February, 2011The Hogg Foundation for Mental Health has received a grant from the U.S. Department of Health and Human Services’ Office of Minority Health to create a national model to improve integrated health care for racial and ethnic minorities and people who speak languages other than English.
The Office of Minority Health has awarded a one-year, $180,000 cooperative agreement grant to the Hogg Foundation to conduct the project.
“We are excited to be working with the Hogg Foundation, which was chosen for this project because of its staff expertise, philanthropic focus and track record in funding integrated health care and culturally and linguistically competent mental health services in Texas,” said Dr. Teresa Chapa, project liaison and senior policy advisor for mental health in the Office of Minority Health.
People’s minds and bodies are inseparable, except in health care. For years, physical and mental health conditions have been treated independently. That’s changing as public and private health care providers increasingly integrate, or systematically coordinate, physical and behavioral health care to treat the whole person, with more positive outcomes.
“The integration of behavioral health and physical health is an important concept whose time has come, and it must be delivered in a culturally and linguistically competent manner to ensure healthy outcomes for all our communities. Partnering with OMH will help bring all these vital components of clinical care front and center,” said Dr. Octavio N. Martinez, Jr., executive director of the foundation.
Martinez is principal investigator and Program Officer Rick Ybarra is director of the project.
The project will begin this spring with a series of interviews of innovative leaders in integrated health care and an online survey of integrated health care providers across the nation. The foundation also will review academic articles and other publications to identify widely accepted principles, components and best practices in integrated health care that address racial and ethnic minorities and cultural and linguistic competency.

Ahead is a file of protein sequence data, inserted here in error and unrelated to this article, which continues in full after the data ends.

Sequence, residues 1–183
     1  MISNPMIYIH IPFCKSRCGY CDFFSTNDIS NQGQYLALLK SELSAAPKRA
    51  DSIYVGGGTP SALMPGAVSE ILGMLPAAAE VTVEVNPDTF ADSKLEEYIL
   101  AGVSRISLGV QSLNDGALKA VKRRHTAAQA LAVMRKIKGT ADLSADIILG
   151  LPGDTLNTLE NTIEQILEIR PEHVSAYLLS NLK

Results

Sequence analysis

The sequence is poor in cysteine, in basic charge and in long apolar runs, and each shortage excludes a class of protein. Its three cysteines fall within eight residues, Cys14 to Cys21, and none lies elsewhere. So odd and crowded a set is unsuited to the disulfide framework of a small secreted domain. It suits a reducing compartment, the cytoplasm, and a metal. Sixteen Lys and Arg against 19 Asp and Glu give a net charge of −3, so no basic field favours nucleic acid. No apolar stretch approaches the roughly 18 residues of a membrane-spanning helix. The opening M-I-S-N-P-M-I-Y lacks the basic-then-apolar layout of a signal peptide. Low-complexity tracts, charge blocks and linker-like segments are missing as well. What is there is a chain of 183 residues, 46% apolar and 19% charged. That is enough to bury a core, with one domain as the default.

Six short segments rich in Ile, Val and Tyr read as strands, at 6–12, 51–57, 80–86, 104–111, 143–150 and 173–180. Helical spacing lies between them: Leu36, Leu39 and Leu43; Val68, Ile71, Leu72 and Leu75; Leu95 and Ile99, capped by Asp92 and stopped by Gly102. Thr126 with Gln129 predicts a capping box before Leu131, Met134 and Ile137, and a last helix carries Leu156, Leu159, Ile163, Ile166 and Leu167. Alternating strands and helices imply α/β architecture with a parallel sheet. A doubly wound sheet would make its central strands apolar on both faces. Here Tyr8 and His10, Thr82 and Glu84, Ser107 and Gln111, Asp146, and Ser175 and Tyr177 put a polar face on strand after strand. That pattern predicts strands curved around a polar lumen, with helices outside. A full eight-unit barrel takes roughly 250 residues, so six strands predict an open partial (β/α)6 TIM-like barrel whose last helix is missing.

In the summer the foundation will host a meeting in Austin of state and national experts to review the findings of the literature review, interviews and online survey. The group will develop a model and a set of recommendations to be submitted in a report to the Office of Minority Health.
The foundation will bring Texas and national stakeholders together in the fall to discuss how to begin implementing the model and recommendations. Participants will include policy makers, consumers and family members, health care providers, advocates and state agencies.
The foundation also plans to meet with other state and national foundations to discuss strategies for philanthropic organizations to financially support integrated health care with a focus on reducing disparities for racial and ethnic minorities and people with limited English proficiency. An issue brief will follow that outlines funding strategies and recommendations that can be implemented locally, regionally, statewide and nationally.
The Hogg Foundation (www.hogg.utexas.edu) advances mental wellness for the people of Texas as an impactful grant maker and catalyst for change. Foundation grants fund mental health services, policy analysis, research, and public education and awareness projects in Texas. The foundation was created in 1940 by the children of former Texas Governor James S. Hogg, and is part of the Division of Diversity and Community Engagement at The University of Texas at Austin.
The Office of Minority Health (http://minorityhealth.hhs.gov) is dedicated to improving the health status of American Indians, Alaska Natives, African Americans, Asian Americans, Hispanics/Latinos, Native Hawaiians and Pacific Islanders; eliminating health disparities; and achieving health equity in the United States.